Coronavirus Live Updates: COVID-19 Plasma Treatment Gets Emergency Approval

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HuffPost reporters around the world are tracking the pandemic and its effects.

Read the latest updates on the coronavirus pandemic below. (To see the latest updates, you may need to refresh the page. All times are Eastern. For earlier updates on the pandemic, go here.)

Boris Johnson Says Students Face Greater Harm By Staying At Home  — 8/24/20, 6:45 a.m. ET

U.K. Prime Minister Boris Johnson has made a personal plea to parents to send their children back to school in September as classrooms in Europe prepare to reopen.

Johnson said pupils face greater damage by continuing to stay at home, while chief medical officers in the U.K. issued a joint statement reassuring parents it was safe to send their children back to school.

They said “very few, if any” children would come to long-term harm from catching COVID-19 by attending school. An analysis published on Sunday showed there were 67 single confirmed cases, four “co-primary cases” (two or more linked cases diagnosed at the same time), and 30 coronavirus outbreaks in schools in England during June.

Elsewhere in Europe, countries are facing a race against time to reopen schools, with Spain’s minister of education forced to deny it was planning to postpone September’s post-summer reopening.

France’s education minister, Jean-Michel Blanquer, has also ruled out delays to starting the school year on Sept. 1, but he left the door open to “local exceptions” on a case-by-case basis. Schools in Italy are also due to begin a phased reopening on Sept. 1.

In Germany, however, at least 41 schools in Berlin have reported that students or teachers have become infected after classes resumed two weeks ago. Berlin was one of the first places in Germany to reopen schools after the summer holidays, but despite rising infection rates the government has said keeping classrooms open is a top priority.

— James Martin

Australia’s Victoria State Records Lowest Daily Rise In Cases For 7 Weeks — 8/24/20, 4:30 a.m. ET

Victoria, the state of Australia that accounts for 80% of the country’s COVID-19 deaths, has reported its lowest daily rise in new infections in seven weeks.

The state, which is almost halfway through a six-week lockdown, recorded 15 deaths from coronavirus in the last 24 hours and 116 cases.

As the spread of the disease slows, state and federal governments have been discussing easing the cap on returning Australians of 4,000 per week to help repatriate those stranded overseas.

In neighboring New Zealand, Prime Minister Jacinda Ardern has extended a coronavirus lockdown in the country’s largest city until the end of the week and introduced mandatory mask-wearing on public transport across the nation.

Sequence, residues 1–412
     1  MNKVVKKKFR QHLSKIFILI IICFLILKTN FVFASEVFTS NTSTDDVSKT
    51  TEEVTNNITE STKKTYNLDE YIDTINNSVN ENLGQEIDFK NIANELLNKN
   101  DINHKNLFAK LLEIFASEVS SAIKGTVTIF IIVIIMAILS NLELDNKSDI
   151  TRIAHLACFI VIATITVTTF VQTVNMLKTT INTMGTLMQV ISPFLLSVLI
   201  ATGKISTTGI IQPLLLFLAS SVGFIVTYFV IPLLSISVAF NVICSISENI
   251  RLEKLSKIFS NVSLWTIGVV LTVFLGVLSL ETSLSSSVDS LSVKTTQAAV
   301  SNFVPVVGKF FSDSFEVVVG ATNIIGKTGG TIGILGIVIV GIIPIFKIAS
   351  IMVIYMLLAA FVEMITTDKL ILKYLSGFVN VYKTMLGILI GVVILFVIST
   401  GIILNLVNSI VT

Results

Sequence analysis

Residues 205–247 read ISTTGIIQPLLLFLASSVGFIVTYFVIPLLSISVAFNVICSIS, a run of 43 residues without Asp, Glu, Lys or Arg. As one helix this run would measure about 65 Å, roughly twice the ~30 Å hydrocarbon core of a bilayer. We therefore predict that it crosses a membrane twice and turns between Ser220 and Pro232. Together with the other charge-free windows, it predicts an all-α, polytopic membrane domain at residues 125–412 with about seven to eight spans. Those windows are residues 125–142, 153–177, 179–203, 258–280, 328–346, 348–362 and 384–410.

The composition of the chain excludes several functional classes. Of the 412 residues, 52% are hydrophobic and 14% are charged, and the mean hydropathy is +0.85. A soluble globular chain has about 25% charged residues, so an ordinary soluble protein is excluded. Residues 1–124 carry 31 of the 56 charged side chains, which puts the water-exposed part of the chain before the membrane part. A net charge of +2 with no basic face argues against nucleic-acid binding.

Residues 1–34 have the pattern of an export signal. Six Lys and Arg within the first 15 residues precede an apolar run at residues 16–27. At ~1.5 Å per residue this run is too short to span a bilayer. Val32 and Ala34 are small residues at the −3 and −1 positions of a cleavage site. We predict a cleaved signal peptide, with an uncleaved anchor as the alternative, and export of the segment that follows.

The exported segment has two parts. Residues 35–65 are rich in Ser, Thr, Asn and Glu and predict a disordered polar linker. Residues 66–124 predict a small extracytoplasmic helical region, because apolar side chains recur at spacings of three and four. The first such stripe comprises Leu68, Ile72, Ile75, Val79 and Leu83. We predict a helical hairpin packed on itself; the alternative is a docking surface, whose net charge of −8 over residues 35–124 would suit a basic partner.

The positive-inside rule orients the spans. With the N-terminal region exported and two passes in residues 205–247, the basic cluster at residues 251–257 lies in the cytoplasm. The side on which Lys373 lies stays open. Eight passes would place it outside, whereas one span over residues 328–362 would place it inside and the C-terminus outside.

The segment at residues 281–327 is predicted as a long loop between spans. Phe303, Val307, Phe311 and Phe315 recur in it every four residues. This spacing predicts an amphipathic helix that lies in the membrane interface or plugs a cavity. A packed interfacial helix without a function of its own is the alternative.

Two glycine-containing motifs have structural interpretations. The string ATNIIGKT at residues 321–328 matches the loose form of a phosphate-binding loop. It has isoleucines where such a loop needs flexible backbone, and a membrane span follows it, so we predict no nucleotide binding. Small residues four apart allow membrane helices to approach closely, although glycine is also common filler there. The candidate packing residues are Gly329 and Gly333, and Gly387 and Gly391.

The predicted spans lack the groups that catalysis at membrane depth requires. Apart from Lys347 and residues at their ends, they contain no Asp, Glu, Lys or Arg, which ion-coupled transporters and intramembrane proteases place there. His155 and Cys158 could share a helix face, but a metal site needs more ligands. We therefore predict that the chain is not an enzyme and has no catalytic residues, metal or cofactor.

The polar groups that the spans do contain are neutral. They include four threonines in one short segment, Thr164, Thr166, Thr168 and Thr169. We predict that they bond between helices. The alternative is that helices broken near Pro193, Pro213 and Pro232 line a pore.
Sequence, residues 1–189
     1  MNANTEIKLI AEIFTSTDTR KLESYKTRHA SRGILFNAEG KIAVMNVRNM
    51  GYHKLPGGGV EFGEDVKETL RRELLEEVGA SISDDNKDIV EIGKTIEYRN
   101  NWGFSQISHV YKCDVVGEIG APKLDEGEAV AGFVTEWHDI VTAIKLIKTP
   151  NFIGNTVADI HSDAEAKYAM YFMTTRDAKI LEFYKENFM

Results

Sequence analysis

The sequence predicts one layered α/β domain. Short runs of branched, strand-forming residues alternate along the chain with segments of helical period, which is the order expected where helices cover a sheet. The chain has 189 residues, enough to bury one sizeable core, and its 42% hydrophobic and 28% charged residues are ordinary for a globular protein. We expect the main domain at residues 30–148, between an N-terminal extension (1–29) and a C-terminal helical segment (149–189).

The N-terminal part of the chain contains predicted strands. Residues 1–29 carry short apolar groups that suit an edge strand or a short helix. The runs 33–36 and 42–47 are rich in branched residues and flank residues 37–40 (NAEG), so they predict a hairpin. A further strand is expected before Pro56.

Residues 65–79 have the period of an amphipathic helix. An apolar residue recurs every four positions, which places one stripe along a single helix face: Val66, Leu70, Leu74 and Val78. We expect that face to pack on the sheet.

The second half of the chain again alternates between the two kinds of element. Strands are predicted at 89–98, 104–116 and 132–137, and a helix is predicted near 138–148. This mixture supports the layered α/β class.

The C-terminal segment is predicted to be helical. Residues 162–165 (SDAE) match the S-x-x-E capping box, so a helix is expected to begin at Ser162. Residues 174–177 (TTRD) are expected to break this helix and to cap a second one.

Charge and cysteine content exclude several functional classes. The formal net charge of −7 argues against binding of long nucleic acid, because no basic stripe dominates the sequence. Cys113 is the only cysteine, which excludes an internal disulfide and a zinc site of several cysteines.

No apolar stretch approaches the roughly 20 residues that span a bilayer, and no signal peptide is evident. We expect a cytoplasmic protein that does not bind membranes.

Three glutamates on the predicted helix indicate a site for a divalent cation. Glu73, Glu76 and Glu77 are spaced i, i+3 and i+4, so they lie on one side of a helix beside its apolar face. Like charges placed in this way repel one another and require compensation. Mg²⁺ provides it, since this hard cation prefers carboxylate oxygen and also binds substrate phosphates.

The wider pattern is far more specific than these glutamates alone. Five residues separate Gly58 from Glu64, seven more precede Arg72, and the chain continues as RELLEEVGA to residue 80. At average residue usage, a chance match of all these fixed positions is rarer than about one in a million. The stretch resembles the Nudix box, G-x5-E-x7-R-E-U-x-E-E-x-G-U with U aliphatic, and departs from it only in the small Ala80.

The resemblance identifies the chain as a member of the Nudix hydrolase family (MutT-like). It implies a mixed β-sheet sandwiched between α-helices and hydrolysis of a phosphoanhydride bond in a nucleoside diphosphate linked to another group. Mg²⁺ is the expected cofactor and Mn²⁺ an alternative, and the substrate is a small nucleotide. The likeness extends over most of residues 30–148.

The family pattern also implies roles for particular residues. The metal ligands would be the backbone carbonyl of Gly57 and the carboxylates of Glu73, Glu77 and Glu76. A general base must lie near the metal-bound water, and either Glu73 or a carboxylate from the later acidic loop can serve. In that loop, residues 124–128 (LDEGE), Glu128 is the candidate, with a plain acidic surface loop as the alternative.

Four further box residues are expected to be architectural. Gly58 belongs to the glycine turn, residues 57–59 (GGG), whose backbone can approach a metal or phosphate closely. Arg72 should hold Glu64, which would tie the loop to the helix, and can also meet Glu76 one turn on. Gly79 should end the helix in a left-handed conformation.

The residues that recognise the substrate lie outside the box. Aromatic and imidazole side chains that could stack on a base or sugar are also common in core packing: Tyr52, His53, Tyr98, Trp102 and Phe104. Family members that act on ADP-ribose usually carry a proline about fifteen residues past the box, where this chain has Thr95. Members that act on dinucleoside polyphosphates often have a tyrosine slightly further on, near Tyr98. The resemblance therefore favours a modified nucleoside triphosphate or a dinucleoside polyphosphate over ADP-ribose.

Ardern said the four-day extension in the city of Auckland was critical to enable the country to step down its scale of emergency restrictions — and remain at less restrictive levels.

The Auckland lockdown, imposed on Aug. 11 after officials detected the country’s first locally acquired cases of COVID-19 in more than three months, had been scheduled to end Wednesday.

New Zealand, which has a population of 5 million, has so far recorded just over 1,300 COVID-19 cases, including 22 deaths.

Australia has recorded nearly 25,000 COVID-19 infections, including 517 deaths.

— James Martin

Trump Announces Emergency Approval For COVID-19 Plasma Treatment  8/23/20, 6:50 p.m. ET

President Donald Trump said Sunday that U.S. regulators gave an emergency use authorization for a coronavirus treatment involving blood plasma donated by people who recovered from the disease.

The authorization by the Food and Drug Administration allows for the distribution of COVID-19 convalescent plasma in the U.S. and for health care providers to administer it as appropriate to treat patients hospitalized with suspected or confirmed COVID-19.

The authorization comes after the FDA put the plasma approval on hold earlier this month in response to concerns from top federal health officials. Though donated plasma is considered safe, scientists said clinical trials have not yet proved whether it is effective enough for treating the disease caused by the virus.

“In the independent judgment of experts and expert scientists at the FDA who have reviewed the totality of data  not just the data from this expanded access program, but more than a dozen published studies, as well as historical experience associated with this  those scientists have concluded that COVID-19 convalescent plasma is safe, ensures promising efficacy, thereby meeting the criteria for emergency use authorization,” FDA commissioner Stephen Hahn said at Sunday’s briefing.


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